Thursday, September 20, 2012

The Four Quls: Surah al Kafirun Is About Non-Compromised, Not Tolerance (2/2)

In Part 1, we have seen that, taken out of context, the Quranic teachings can be portrayed in their total opposite.

Likewise with Surah al Kafirun, one of the Four Quls. 

Numerous ahadith (Traditions) are pointing to the reason of its revelation, with a simple background.  Namely, after all their efforts to silence Muhammad had failed, the leaders of the Quraysh had come to Muhammad the Prophet and offered a compromised.  Their proposal was simple: they suggested that Muhammad and his followers worship the idols of the Quraysh for one year, and for another year, the Quraysh would worship the God of Muhammad.1

As a response to that proposal, Allah Himself gave the answer through the revelation of Surah al Kafirun.  Muhammad was commanded to proclaim: “Say, O disbelievers, I do not worship that which you worship, nor do you worship the One whom I worship. And neither I am going to worship that which you have worshipped, nor will you worship the One whom I worship.  For you is your religion, and for me is my religion.” [al Kafirun: 1-6, i.e., the translation of the whole Surah]

With that background, does this Surah sound like a proclamation on religious tolerance, as some allege?  Or, more pointedly, does it sound like a recognition of religious pluralism, the notion that all religions are true and therefore equally good, as others claim?

Quite the opposite, one must admit. 

In fact, this Surah unequivocally states that, as far as faith and worship are concerned, Islam and its counterparts are the complete opposite of each other, and the two cannot and will not meet, nor  can the two will ever mix. 

In the nutshell, Surah al Kafirun is about putting the clear line of separation between belief and unbelief, and the Muslims’ attitude as well as their approach towards unbelief, their objects of worship, as well as their religious rituals. 

This is the position of the classical commentators such as Ibnu Kathir, as well as the position of contemporary commentators like Abu Ala Maudoodi, Sayyid Qutb and Mufti Shafi’ Uthmani.  Those who take the opposite position are displaying intellectual dishonesty, if they are scholars, or ignorance, if they are laymen.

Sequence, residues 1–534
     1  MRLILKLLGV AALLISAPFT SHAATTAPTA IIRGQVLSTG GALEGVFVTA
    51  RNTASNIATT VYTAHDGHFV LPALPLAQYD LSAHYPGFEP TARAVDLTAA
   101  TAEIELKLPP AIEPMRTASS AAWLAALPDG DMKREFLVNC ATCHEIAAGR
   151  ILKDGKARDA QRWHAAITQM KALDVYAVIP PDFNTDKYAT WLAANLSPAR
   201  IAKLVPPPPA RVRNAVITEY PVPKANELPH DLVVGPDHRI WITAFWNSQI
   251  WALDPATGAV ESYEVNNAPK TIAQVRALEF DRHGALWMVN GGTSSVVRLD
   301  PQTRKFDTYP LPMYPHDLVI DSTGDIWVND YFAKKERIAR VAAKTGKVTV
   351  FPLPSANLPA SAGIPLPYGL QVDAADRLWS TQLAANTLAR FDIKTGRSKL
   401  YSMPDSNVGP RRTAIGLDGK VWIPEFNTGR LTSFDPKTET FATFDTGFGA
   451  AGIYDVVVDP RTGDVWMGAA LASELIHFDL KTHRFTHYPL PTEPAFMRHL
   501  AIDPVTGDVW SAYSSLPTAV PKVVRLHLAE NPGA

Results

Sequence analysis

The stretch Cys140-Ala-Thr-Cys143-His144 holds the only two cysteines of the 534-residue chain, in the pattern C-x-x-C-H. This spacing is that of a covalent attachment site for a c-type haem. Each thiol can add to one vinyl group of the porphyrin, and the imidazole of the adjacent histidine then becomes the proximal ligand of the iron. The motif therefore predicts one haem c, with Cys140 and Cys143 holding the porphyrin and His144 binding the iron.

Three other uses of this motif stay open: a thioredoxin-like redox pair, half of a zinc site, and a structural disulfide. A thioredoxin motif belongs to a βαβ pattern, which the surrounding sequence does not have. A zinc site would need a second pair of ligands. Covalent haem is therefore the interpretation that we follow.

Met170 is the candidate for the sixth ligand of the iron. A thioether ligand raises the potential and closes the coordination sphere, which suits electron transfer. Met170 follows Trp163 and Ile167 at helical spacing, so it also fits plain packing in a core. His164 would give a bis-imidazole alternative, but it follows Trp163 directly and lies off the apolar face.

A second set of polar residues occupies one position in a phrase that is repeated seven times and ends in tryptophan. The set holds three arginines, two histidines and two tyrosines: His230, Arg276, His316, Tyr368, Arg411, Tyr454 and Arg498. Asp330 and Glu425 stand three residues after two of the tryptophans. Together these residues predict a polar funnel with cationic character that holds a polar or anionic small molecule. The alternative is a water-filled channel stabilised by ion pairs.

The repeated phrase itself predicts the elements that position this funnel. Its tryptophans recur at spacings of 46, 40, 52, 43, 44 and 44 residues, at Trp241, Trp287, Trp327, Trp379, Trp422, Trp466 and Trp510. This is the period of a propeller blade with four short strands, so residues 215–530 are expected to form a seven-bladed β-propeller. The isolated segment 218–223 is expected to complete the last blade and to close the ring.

Irrespective of the intention, quoting Quranic verses out of context to fit the preconceived ideas is deplorable.  This practice can confuse the ignorant folks.  As the popular saying goes, many calamities are built upon good intentions.

Furthermore, quoting Surah al Kafirun to signify religious tolerance in Islam does not do justice to this Surah; neither does it do justice to the concept of religious tolerance in Islam.  If quoted to signify the recognition of Islam to religious pluralism, I am afraid that it is already bordering on heresy, for the idea itself is heretic, since Allah does not recognize the true religion other than Islam. 

The only acceptable “pluralism” in Islam is with regard to multiple interpretations or differences in rulings upon certain matters, whereby each different opinion is considered true or valid.  As I wrote in other entries, there are more than one ways to slice a cat.2

In the likewise manner, one can say that there are multiple ways to skin a cow, but for the meat to be consumed lawfully, it must first be slaughtered.  And the meat itself must be from lawful animal to begin with.  It cannot be a pig.  Irrespective whether it is properly slaughtered, and subsequently skinned neatly, a pig is never lawful for consumption, except during emergency, and taken only so that one can continue surviving.

Thus, when Professor Kamali put forward the argument that Islam recognizes Religious Pluralism because various Quranic verses point to the fact that there have been various “religions” sent to the Prophets before Muhammad, and that all were considered true, Professor El-Muhammady quickly pointed out that these were the Prophets sent before Muhammad.  With the advent of Muhammad as the Last Messenger, all these were abrogated. 

Moreover, we know that Muhammad has said even if Moses were still alive, Moses has no choice but to follow Muhammad, as the following Tradition puts it clearly:

“Narrated Jabir Ibn Abdullah :
Umar ibn al-Khattab brought to Allah’s Messenger (peace be upon him) a copy of the Torah and said: ‘Allah’s Messenger, this is a copy of the Torah’. He (Allah’s Messenger) kept quiet and he (Umar) began to read it. The colour of the face of Allah’s Messenger (pbuh) underwent a change, whereupon Abu Bakr said: “Would that your mother mourn you, don’t you see the face of Allah’s Messenger?’ Umar saw the face of Allah’s Messenger (pbuh) and said: ‘I seek refuge with Allah from the wrath of Allah and the wrath of His Messenger. We are well pleased with Allah as Lord, with Islam as religion, and with Muhammad as Prophet’. Whereupon Allah’s Messenger (pbuh) said : ‘By Him in Whose hand is the life of Muhammad, even if Moses were to appear before you and you were to follow him, leaving me aside, you would certainly stray into error; for if (Moses) were alive (now), and he found my prophetical ministry, he would have definitely followed me’. (Sunan Ad-Darimi, Vol. 1, Hadith No. 435)
To his credit, Professor Kamali did not make it unequivocal that Islam recognizes Religious Pluralism as commonly defined.  He went at great length, and with great pain, to theorize what he meant by Pluralism.3